Frankly, I don’t see this as a First Amendment issue. I see this as equivalent to a government regulation on a product/service, the First Amendment only really comes in in Apple publicly protesting this regulation. That is, it seems to me that the FBI is requiring that Apple modify their product, or create an alternate product, that has some security vulnerabilities. Apple is protesting this regulation based on security grounds. Apple, or any corporation, reasonably should be able to take some new regulation, requirement, tax, etc. to court and challenge it. Does that really technically count as free speech? Maybe I don’t have a thorough enough understanding of the law, but that wouldn’t seem to me as such.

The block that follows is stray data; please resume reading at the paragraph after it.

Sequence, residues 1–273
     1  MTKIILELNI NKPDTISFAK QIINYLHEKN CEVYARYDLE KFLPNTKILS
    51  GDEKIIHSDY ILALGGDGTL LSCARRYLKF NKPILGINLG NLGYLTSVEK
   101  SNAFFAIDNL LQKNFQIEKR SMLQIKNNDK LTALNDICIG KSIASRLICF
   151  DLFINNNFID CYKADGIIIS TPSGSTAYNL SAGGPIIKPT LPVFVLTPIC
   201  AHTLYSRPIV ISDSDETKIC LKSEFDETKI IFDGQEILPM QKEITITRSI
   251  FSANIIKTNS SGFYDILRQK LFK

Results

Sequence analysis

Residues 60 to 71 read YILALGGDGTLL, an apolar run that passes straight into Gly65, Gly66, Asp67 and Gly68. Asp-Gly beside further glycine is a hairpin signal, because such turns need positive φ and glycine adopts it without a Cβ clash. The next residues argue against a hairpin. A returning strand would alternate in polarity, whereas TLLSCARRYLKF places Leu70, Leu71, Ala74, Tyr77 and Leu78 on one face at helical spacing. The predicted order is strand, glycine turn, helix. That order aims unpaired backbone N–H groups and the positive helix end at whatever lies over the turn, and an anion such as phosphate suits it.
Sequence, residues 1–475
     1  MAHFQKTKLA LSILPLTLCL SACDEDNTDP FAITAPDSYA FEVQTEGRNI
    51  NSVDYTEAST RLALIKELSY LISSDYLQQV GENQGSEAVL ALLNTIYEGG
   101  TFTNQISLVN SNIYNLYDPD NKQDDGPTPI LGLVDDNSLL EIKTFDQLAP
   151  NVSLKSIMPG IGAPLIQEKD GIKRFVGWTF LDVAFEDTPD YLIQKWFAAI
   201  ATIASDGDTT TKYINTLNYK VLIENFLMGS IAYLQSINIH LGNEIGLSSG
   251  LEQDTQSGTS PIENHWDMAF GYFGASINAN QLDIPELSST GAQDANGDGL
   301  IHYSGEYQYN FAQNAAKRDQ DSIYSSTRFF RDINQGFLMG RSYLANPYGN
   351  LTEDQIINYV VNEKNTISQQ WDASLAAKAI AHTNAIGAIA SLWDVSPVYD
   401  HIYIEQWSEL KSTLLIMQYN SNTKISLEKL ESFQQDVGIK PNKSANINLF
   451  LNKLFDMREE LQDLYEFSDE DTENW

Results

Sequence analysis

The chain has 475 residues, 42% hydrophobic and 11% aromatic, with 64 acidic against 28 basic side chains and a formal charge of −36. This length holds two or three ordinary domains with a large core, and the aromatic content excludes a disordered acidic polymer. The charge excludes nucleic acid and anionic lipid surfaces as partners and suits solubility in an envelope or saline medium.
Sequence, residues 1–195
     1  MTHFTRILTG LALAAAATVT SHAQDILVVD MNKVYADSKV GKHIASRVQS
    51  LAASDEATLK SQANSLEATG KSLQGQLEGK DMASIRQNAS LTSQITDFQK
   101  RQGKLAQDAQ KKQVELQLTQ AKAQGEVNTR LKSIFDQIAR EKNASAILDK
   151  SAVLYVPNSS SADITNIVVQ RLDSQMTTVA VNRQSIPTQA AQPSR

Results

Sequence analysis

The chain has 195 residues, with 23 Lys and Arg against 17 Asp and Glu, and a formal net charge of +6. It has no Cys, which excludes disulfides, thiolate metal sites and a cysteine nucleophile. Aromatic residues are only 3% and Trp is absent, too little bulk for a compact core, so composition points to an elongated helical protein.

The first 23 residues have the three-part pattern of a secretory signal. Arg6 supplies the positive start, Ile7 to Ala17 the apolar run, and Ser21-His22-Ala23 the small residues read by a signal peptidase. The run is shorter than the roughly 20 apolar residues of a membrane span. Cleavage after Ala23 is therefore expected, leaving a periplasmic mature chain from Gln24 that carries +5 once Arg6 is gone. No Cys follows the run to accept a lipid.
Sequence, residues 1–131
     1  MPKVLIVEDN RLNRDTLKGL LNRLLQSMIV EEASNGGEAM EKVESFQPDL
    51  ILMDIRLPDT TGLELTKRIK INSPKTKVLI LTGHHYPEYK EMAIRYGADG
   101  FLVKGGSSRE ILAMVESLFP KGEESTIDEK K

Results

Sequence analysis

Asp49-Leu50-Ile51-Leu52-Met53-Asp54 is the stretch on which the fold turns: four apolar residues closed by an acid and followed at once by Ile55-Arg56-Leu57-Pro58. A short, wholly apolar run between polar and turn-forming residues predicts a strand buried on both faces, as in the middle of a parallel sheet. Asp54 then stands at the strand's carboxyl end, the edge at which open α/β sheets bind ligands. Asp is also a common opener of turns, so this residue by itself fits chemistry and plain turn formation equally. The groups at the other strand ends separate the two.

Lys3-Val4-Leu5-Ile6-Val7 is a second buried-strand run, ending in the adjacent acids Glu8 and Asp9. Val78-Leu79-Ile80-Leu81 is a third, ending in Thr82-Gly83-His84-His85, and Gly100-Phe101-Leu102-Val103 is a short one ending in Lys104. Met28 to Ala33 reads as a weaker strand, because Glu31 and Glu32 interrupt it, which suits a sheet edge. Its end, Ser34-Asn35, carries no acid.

When I think of corporate free speech as it relates to Citizens United, I would liken that more to Apple spending money to lobby congress to modify laws to establish or remove various regulations, requirements, taxes, etc., not simply challenging them in court. And if challenging in court DOES count as speech, for those who are against the Citizens United ruling but ARE in favor of Apple’s stance here, with both counting as speech, how would one suggest we disallow corporations from spending money for political causes but allow them to have a principled stance such as Apple’s and challenge such in court?
And while I understand people’s frustrations with Citizens United, I agree with the legal reasoning behind the decision, so I don’t personally have a contradiction between these views.